All told, the average American household spent $51,100 in 2013, according to the Bureau of Labor Statistics.
While the bulk of that money went for housing, we still spent more than $1,600 on apparel and services, $2,482 on entertainment, and another $2,625 on food away from home. Then there is that mystery category, “all other expenditures,” where we rang up, on average, $3,267.
Wouldn’t it be nice to spend a little less?
Fortunately, there are a number of tried and true ways to save money on virtually everything you buy. Watch Money Talks News money expert Stacy Johnson outline the key points in the video below, and then keep reading to discover savings strategies that work regardless of whether you are buying tires or shopping for makeup.
1. Never buy new what you can buy used
To start, if you want to save money on everything you buy, you should never buy new. Well, nearly never buy new. You might possibly want to buy new underwear from time to time.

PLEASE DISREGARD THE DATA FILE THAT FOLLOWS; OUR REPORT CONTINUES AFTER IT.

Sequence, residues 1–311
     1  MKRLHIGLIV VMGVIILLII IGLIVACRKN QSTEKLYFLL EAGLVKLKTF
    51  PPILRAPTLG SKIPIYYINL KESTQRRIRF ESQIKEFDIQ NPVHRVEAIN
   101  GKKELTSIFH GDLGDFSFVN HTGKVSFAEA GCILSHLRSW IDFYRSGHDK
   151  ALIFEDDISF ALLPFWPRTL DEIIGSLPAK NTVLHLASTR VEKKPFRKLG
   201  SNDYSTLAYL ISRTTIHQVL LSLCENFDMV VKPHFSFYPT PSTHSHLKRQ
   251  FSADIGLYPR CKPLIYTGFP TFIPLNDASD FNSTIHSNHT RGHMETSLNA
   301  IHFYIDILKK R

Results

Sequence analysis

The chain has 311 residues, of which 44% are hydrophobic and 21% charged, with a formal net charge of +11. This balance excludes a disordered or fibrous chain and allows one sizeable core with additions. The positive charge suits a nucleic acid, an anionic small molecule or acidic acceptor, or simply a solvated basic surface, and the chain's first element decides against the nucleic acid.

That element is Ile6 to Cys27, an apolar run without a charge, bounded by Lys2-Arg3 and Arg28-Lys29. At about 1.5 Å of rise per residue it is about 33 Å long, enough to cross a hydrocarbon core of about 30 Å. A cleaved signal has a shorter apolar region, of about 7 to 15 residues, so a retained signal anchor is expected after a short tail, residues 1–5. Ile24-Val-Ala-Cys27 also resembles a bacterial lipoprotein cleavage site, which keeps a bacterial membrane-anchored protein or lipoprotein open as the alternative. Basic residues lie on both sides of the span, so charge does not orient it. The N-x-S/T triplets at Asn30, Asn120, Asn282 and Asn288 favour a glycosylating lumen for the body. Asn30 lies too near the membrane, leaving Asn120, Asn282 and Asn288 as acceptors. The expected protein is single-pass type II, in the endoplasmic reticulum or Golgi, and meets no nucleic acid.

But for much of everything else, let someone else take the depreciation hit. The average new car loses 11 percent of its value the moment it’s driven off the lot according to insurance site TrustedChoice.com. After five years, new vehicles typically lose about 63 percent of their value.
Cars might be the best-known example, but virtually everything depreciates over time. Jewelry, furniture, appliances, and even video games and movies can depreciate faster than you can say “impulse buy.” Check out Craigslist, eBay and Half.com for practically new items being sold for a song.
2. Save big with bulk purchases
Let’s say you use a lot of batteries. Why buy four batteries when you could buy 40? Buying in bulk can be an excellent way to lower your per-unit cost. Check out Amazon prices on Duracell AA batteries as an example. As of this writing, you can buy a four-pack of batteries for $5.59 or get 40 for $19.25.
However, not everything is a steal. If you’re thinking about going the warehouse route, read this article on what to buy at warehouse stores before you start shopping.